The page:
The Three Perceptions & Their Opposites
The teaching on the three characteristics or the three perceptions—inconstancy, stress, not-self—occupies a peculiar place in the Buddha’s teachings. It’s always true, but it’s not always beneficial. That means it’s not categorical. The Buddha doesn’t apply it all the time. In fact, there are a couple of cases in the Canon where monks try to apply it, and he reprimands them for doing so.
In one case, a monk tries to argue from the principle that all feelings are stressful to say that all actions lead to stress. The Buddha reprimands him, saying that when you’re talking about kamma, you’re talking about skillful and unskillful action, so you talk about three kinds of feeling. There are pleasant feelings, painful ones, and feelings that are neither pleasant nor painful. It’s obvious here that applying the three perceptions would be a mistake. If you said that everything you do, skillful or not, is going to lead to stress, there’d be no incentive to try to do anything skillful. If there’s no incentive to do anything skillful, then you’re going against one of the Buddha’s truly categorical teachings, which is to try to develop what’s skillful and abandon what’s not—the reason being that developing skillful actions is going to lead to long-term welfare and happiness.
There’s another case where a monk tries to argue that if all the aggregates are not-self, then what self is there to do the actions? And what self would there be to receive the results of actions? That line of thinking is a license for irresponsible behavior. There’s nobody there to be responsible, nobody to be affected by the actions, so you can do what you want. Here again, the Buddha reprimands the monk, saying that that’s a foolish application of the teaching.
So the three perceptions not to be applied at all times. I know some people who’ve argued from the three characteristics that we have no free will, or that we have no choices in the present moment: Whatever’s going to come up in the present moment is just going to come up willy-nilly, regardless of what you want. But that, as the Buddha pointed out, would turn the whole idea of following a path of practice into nonsense. How could you choose to follow the path if there’s no freedom of choice?
So you have to be careful in how you apply these teachings. There’s a right time and a right place, and a wrong time and a wrong place for them.
This line of thinking may have been behind Ajaan Lee’s way of talking about the three characteristics. There are some times where he talks about things being inconstant, stressful, and not-self, saying that there’s also another side to them, which is constant, easeful, and self. Sometimes he phrases it as inconstant, stressful, and not under your control on one side, and constant, easeful, and under your control on the other. But in both cases, he ends up by saying you have to abandon both sides.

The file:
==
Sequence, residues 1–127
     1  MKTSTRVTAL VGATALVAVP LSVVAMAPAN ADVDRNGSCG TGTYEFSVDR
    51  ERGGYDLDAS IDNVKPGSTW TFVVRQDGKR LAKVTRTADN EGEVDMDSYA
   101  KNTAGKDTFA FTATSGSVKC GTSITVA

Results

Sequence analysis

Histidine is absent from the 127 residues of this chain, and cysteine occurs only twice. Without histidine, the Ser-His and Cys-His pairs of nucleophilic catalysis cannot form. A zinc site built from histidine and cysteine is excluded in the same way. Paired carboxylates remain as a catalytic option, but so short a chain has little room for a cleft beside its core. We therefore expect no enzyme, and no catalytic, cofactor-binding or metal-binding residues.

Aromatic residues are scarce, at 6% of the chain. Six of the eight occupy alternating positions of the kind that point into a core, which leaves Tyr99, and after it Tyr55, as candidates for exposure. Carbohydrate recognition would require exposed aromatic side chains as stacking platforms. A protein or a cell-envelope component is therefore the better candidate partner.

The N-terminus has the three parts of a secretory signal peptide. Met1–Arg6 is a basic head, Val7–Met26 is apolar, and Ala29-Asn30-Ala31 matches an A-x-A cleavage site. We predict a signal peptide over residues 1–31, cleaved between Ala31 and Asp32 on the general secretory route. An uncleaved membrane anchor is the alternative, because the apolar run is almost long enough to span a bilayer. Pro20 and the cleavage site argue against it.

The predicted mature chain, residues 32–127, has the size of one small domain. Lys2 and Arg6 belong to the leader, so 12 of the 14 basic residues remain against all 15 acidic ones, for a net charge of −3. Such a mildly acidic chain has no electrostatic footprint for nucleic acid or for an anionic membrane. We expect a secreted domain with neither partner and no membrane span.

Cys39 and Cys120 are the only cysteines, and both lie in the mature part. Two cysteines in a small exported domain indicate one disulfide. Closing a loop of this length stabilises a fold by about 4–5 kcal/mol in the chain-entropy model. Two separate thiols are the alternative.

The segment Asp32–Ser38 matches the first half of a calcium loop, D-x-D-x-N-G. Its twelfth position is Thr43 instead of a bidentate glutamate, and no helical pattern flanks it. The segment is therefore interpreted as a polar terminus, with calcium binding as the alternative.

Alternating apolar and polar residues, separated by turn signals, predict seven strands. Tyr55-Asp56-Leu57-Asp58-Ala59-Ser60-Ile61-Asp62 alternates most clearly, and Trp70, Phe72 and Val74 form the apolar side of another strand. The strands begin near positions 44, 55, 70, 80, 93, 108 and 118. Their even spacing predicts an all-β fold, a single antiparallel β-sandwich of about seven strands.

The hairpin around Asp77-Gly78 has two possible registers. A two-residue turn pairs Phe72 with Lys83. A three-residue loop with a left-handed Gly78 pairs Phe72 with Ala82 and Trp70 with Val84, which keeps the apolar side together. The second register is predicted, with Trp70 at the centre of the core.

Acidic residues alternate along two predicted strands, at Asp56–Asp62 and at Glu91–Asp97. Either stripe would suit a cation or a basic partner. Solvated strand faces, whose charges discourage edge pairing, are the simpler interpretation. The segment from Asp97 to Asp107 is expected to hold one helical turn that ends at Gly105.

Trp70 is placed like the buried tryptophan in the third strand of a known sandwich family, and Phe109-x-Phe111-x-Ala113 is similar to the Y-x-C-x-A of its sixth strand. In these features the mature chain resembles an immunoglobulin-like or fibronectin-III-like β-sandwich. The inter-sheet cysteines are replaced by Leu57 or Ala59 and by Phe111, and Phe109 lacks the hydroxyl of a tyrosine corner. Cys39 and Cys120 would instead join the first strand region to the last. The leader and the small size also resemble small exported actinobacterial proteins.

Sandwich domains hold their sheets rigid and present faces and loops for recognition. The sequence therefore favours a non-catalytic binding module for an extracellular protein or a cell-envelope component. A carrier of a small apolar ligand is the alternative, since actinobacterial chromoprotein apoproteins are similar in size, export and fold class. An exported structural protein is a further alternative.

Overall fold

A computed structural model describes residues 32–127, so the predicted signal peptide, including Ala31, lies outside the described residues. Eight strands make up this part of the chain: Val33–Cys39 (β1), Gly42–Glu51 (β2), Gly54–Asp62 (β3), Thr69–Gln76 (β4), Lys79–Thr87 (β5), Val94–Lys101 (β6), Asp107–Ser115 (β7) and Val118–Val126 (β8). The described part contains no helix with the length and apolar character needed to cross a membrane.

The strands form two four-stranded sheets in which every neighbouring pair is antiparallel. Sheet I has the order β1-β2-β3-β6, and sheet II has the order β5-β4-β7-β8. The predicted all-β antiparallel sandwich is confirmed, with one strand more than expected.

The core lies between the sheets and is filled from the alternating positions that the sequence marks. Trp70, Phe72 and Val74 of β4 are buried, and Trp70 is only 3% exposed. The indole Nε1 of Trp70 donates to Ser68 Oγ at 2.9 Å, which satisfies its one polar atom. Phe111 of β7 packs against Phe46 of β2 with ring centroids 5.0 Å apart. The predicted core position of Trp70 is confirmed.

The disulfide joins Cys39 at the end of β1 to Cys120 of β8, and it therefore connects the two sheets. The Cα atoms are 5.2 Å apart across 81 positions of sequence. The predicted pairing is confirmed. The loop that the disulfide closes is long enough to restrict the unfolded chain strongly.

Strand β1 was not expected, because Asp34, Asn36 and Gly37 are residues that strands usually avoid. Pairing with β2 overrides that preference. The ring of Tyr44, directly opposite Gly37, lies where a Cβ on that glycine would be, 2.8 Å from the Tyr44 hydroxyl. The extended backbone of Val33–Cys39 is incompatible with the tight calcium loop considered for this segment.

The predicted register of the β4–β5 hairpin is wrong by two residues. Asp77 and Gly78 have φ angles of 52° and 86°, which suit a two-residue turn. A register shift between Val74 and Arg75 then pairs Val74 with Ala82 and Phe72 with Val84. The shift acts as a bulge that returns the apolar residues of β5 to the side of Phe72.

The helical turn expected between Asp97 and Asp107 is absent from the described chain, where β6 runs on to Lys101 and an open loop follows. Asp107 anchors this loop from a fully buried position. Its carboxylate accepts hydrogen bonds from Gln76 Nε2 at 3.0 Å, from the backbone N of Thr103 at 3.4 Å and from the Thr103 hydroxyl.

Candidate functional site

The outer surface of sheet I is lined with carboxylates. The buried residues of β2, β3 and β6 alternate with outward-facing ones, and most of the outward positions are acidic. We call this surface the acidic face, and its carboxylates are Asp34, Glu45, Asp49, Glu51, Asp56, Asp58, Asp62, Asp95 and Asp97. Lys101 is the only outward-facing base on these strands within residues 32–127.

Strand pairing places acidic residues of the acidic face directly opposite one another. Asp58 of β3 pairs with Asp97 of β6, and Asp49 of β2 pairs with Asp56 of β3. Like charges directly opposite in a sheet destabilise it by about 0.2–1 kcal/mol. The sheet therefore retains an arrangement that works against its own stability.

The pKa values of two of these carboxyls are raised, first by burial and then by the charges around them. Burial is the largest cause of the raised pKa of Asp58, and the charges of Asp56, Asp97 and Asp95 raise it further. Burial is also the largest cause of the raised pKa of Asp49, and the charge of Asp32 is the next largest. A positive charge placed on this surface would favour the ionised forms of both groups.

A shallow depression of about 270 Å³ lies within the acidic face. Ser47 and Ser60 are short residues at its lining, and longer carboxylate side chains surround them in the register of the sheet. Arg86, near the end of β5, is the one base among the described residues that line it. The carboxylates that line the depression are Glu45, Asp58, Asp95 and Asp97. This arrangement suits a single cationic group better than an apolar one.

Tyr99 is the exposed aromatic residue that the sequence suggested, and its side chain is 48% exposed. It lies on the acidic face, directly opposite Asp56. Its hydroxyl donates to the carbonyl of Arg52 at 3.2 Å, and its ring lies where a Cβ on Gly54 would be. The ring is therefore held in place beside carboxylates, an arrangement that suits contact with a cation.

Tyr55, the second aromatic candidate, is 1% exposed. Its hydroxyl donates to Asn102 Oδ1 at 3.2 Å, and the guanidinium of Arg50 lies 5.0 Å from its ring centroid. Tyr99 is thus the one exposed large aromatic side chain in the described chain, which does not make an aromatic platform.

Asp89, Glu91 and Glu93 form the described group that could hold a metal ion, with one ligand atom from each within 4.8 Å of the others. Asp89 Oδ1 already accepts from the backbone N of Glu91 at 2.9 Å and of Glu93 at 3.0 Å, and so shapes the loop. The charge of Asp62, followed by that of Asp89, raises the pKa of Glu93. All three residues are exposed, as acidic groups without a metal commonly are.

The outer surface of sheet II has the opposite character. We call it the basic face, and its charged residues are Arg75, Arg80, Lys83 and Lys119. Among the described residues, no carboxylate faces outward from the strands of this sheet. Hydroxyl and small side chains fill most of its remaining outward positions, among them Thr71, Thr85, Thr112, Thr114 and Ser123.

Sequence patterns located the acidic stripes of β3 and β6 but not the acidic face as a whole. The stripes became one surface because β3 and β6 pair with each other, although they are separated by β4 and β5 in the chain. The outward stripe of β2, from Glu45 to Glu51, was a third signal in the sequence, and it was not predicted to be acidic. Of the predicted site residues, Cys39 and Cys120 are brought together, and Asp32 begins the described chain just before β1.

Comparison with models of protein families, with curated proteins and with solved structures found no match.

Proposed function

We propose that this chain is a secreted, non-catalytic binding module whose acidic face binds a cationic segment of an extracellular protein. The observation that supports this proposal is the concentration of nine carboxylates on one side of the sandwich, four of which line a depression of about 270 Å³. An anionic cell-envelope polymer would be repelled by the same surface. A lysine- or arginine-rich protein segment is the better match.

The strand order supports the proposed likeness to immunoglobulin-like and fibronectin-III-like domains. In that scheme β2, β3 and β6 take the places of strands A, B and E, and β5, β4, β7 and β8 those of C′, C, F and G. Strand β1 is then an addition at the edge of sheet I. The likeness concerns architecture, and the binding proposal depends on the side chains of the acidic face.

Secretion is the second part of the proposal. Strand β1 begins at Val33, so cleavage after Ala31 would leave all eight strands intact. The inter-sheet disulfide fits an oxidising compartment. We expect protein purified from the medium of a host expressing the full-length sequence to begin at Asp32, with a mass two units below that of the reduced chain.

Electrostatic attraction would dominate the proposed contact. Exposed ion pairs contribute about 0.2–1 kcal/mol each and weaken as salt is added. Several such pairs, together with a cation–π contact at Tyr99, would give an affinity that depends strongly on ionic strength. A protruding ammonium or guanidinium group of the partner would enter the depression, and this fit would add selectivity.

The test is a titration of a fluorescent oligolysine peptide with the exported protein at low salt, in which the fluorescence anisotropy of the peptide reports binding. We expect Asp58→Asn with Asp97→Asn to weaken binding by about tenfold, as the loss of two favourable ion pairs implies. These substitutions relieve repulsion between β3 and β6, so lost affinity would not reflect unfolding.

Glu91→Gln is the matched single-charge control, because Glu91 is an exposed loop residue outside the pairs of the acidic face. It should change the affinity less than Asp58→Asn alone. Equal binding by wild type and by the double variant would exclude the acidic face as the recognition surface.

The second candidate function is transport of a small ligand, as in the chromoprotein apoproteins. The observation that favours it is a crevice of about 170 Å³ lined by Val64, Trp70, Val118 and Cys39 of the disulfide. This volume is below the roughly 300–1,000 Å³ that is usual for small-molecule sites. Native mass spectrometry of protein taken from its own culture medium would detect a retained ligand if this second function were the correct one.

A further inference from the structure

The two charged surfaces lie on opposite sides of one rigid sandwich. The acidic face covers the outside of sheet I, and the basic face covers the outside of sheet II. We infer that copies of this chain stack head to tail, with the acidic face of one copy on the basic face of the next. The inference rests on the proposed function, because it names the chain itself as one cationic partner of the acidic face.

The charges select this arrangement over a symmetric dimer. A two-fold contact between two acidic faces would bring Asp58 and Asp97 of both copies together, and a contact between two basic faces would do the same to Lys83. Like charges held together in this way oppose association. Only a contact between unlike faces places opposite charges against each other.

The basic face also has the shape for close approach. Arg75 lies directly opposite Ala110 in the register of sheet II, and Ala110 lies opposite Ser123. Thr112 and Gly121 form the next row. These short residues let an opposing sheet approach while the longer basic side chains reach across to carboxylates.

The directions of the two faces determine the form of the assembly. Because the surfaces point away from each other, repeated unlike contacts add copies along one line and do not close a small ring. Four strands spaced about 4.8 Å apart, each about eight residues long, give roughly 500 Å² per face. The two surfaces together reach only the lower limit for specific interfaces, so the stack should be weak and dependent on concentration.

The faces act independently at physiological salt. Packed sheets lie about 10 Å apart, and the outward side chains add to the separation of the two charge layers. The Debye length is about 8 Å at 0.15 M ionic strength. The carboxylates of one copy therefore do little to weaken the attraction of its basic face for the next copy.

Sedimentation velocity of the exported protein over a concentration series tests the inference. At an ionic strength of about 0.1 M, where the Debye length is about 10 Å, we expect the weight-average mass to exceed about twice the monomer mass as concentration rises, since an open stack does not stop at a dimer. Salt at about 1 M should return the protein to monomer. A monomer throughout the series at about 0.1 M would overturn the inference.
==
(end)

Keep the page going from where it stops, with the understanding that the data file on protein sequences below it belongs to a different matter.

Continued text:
It’s good to look at the context when he says things like that, because he means two different things in the two instances when he talks on this topic.
In the first instance, he’s talking about the practice of concentration. You’re taking the breath—your sense of the body as you feel it from within—and as you start out, you notice that it’s inconstant and stressful. As you try to get the mind to settle with the breath, there are a lot of things going on that you don’t control. But you’re going to try to work with the breath so that it does become more constant. The mind’s concentration becomes more constant. There’s a sense of ease in body and mind, and you gain some mastery over it. So there you are: constant, easeful, under your control.
Now, eventually, you’re going to have to let go of the concentration. After all, it is part of the path. It’s part of the raft that’s going to take you across the flooding river and that you’ll then have to leave behind when you reach the safety of the far shore. But if people try to practice without concentration—and this is what I think Ajaan Lee is getting at, the people who want to go straight for insight—then they haven’t mastered an important part of the path. Their raft isn’t enough to keep them afloat. They start out with the perceptions of inconstant, stressful, and not-self. Then they see any attempts to develop concentration as going against the nature of reality. So they actually describe concentration as an unnecessary part of the path, or even an illegitimate part of the path.
I’ve seen cases of people developing the three characteristics without a firm basis in concentration, and they get extremely depressed, thinking there’s nothing they can do to change unpleasant things coming up. They abdicate power because they’ve been told they have no power. It’s like the dogs in those learned helplessness experiments where they’re put in a room where, wherever they lie down, they get electric shocks. They try to avoid the shocks, but after a while they realize they can’t. So they give up and just lie there.